Weedmaps, a leading cannabis website and major name in U.S. cannabis, is under heavy scrutiny from the federal government. Many speculate that it may be a very serious investigation.

In recent weeks, news leaked of the company receiving a grand jury subpoena. It names 25 members of the company including its co-founder Just Hartfield, as well as more than 30 other individuals, businesses, and outside investment companies. The subpoena also requested corporate documents including information on company employees, HR data, finance and tax info, calendars, notepads, contact lists, diaries, and information about outside business deals.

According to Leafly,experts say Weedmaps could be facing criminal indictment for “alleged violations of drug, banking, tax and/or communications laws.” 

The justice department could also be using Weedmaps to get dirt on other parties like black market pot shops or corrupt state officials.

Weedmaps issued a statement to Leafly, which both downplayed the seriousness of the subpoena and touted the company’s prominence in the industry, writing:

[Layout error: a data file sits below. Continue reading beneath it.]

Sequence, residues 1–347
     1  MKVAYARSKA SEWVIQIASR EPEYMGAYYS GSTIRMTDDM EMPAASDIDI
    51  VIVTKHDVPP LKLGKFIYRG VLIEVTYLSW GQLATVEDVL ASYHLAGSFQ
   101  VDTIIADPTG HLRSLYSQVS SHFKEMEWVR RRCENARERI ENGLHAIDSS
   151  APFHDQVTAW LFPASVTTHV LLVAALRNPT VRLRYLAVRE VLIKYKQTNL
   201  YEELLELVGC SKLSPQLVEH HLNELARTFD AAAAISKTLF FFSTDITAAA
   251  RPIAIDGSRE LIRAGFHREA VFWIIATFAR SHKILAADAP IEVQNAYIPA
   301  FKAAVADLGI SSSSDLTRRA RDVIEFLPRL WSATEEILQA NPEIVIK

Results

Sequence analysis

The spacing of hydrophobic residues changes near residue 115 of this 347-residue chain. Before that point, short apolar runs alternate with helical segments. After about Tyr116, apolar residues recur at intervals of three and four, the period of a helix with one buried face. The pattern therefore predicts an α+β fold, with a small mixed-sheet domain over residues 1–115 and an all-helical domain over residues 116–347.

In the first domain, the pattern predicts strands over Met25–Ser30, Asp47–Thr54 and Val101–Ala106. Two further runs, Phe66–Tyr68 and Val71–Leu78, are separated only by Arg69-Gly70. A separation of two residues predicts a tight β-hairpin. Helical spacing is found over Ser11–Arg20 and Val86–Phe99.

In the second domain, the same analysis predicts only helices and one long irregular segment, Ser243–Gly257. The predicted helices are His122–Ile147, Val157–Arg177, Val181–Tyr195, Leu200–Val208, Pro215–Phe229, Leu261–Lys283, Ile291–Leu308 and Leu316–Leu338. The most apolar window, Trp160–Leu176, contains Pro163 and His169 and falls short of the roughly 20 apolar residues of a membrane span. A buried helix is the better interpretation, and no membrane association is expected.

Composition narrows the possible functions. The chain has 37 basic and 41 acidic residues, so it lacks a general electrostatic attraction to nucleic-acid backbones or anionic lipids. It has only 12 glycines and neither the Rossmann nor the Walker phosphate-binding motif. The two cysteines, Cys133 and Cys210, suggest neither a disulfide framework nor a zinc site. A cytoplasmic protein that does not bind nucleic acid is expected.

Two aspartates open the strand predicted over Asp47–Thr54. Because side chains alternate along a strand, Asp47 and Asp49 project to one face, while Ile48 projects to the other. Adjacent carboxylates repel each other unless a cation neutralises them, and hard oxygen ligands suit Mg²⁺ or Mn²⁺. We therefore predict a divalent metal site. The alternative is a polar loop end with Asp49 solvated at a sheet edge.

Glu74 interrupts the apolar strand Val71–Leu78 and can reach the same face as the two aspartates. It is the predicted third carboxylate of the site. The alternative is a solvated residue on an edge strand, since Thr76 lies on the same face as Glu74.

“Given our role as the largest technology company in the cannabis sector, from time to time, Weedmaps receives requests for information from government agencies. We cooperate with these requests as we do with all lawful inquiries. Our corporate policy is not to comment to the media about any specific legal matters or inquiries with respect to the company or any of its customers.”

Others say a serious criminal investigation, if that’s what’s happening, would be a long time coming for Weedmaps. The company has boldly advertised unlicensed pot shops in the past, including stores which sold illegal and possibly toxic vape cartridges.

“These guys were sabotaging the entire system,” Omar Figueroa, a cannabis criminal defense attorney and author of the book Cannabis Codes of California: Legalization Edition, told Leafly. “It’s part of the reason why the regulated market is unworkable for honest operators who play by the rules.”

Natalie